- I’m writing to ask for your sympathy not as a fellow Delawarean (I live in Tennessee) but as a fellow American. If Delaware passes SB 234 as written, its impacts will be felt far beyond your borders.
- If Delaware votes to implement universal curbside at the expense of its beverage-container deposit–becoming the first state in history too do so–it will have the unintended effect of threatening container deposits everywhere. Bottle-bill opponents will hold up the bloodied carcass of the Delaware bill as an example in Vermont, where a repeal effort has been quietly underway for more than a year; and they will use it–indeed they are already using it–to cast doubt on proposed deposits in states such as my own, where recycling rates are an anemic 10 percent, where our landscapes too often look like the one in the attached photograph (Third Creek, Knoxville), and where public support for a deposit is an astounding 80 percent or better (I can send you the results of two independent polls).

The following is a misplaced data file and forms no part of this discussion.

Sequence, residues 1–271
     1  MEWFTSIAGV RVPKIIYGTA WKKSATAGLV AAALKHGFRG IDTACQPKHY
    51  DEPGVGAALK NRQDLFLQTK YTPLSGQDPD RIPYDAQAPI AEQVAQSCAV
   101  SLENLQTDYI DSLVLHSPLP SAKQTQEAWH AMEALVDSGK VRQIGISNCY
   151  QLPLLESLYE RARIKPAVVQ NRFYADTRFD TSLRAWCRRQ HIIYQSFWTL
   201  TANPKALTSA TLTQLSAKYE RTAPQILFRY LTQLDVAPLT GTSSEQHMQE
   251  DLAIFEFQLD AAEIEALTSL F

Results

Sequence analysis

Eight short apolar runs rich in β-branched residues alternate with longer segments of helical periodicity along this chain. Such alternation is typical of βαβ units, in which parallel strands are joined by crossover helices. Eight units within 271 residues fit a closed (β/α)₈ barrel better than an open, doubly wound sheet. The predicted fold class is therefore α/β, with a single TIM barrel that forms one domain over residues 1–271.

- Support for Tennessee’s bill comes not only from the general public but from container processors and manufacturers, countless small businessmen (including small grocers), tourism professionals, sportsmen, farmers, county mayors and county commissioners, schools, the nonprofit sector (especially those serving the special-needs and homeless communities), and a growing, bipartisan list of legislators (the bill had 18 cosponsors in the session now ending).
- In other words, the only thing blocking the will of the people in this matter is the lobbying power and campaign spending of special interests, primarily the beverage industry.